Religious Right ‘Experts’ Attempt To Rewrite Texas History Standards

Two Religious Right advocates have recommended sweeping changes to social studies and history standards in Texas, seeking to prod schools to teach that American government has a “biblical” basis.

 

David Barton, who runs the Aledo, Texas-based WallBuilders, was appointed to a curriculum advisory panel by right-wing members of the Texas Board of Education. The same faction also appointed Peter Marshall, a minister who heads a “Christian nation” outfit in Massachusetts, and Daniel Dreisbach, a professor of public affairs at American University in Washington, D.C. (See “Texas Tall Tale,” July-August 2009 Church & State.)

 

Neither Barton nor Marshall has legitimate credentials in this area, and Dreisbach is known as an aggressive critic of church-state separation. Barton is a self-appointed historian who holds a degree in Christian education from OralRobertsUniversity. He is the author of three books attacking separation of church and state.

 

In their recommendations, Barton and Marshall say the state’s social studies standards should be altered to emphasize Christianity and insist that America’s foundational documents support this view.

 

Barton recommends that the Declaration of Independence be taught as equal to the Constitution, even though the former is not a governance document. Students should learn, he says, that there is a God and a fixed moral law and that government exists to ensure God-given rights.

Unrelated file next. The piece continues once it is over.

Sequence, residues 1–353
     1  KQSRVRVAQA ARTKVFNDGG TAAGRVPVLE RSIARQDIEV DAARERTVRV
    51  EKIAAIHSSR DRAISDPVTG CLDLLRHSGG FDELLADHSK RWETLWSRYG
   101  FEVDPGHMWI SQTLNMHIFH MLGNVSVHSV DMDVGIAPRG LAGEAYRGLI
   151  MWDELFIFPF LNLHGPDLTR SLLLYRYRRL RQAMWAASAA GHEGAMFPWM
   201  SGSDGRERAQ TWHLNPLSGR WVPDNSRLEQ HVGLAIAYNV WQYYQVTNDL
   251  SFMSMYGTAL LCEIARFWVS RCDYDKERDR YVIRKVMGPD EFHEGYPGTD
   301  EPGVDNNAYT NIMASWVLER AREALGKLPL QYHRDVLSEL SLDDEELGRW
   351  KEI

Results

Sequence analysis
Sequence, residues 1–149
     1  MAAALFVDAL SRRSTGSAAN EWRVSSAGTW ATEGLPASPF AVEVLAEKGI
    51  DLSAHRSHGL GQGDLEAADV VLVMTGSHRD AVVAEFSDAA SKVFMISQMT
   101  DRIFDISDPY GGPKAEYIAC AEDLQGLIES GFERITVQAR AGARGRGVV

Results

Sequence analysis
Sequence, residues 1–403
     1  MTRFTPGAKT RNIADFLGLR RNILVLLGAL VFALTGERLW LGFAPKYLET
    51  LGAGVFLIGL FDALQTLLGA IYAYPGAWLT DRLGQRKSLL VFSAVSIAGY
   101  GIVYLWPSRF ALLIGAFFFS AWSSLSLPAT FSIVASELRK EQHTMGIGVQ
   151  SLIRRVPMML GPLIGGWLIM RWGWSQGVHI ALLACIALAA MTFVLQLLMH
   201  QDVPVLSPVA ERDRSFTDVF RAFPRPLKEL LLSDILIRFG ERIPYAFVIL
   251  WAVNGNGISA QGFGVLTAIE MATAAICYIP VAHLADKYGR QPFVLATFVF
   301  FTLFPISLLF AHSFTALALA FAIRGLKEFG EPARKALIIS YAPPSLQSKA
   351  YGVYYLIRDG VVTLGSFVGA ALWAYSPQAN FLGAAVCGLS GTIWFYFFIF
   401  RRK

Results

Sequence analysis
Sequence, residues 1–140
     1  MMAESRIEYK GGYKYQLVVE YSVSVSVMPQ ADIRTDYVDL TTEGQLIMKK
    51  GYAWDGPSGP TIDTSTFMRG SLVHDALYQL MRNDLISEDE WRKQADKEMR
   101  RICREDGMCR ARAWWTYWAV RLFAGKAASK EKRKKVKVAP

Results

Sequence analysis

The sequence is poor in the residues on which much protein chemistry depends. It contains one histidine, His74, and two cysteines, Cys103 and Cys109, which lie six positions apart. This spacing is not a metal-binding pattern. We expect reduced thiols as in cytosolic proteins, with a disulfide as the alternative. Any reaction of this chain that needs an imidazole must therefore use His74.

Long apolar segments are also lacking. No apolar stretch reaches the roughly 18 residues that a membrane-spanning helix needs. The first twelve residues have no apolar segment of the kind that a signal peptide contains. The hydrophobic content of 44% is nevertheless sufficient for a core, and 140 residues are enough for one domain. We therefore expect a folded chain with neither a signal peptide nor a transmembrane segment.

Barton also takes aim at James Madison, disputing the widely accepted view that he is the father of the Constitution.

 

Marshall echoes many of Barton’s comments, insisting that “the motivational role of the Bible” be discussed in classrooms. He also insists that constitutional provisions, such as the separation of powers, are “rooted in the Founding Fathers’ clear understanding of the sinfulness of man.”

 

Dreisbach makes a similar argument, insisting that limited government, federalism, separation of powers, the rule of the law and the three branches of federal government spring from the Founders’ “belief in the Reformed theological doctrine of humankind’s radical depravity and the attendant necessity to check mankind’s fallen nature.”

 

All three men criticize the standards for recommending that students learn about Anne Hutchinson, a colonial-era religious liberty pioneer who challenged theocratic Puritan supremacy in Massachusetts. Barton says she is not a “significant” colonial leader, and Marshall opines that her main accomplishment was “getting herself exiled from the Massachusetts Bay Colony for making trouble.”

 

Barton and Marshall criticized the standards for mentioning labor leader Cesar Chavez. Barton also challenges the inclusion of Colin Powell as a significant African-American leader, and Marshall recommends dropping Thurgood Marshall, the first African American to sit on the Supreme Court.

 

Three other reviewers also examined the standards, at the behest of non-Religious Right members of the state board. They are all professors at Texas universities. One of them, Lybeth Hodges, a professor of history at Texas Women’s University, told the Wall Street Journal, “There appears to be too much politics in some of this.”

 

The recommendations issued by all six reviewers are being forwarded to a group of social studies teachers in Texas, who will examine them. The teachers are free to accept or reject the suggestions.

 

Their recommendations will then be forwarded to the Texas Board of Education for final action.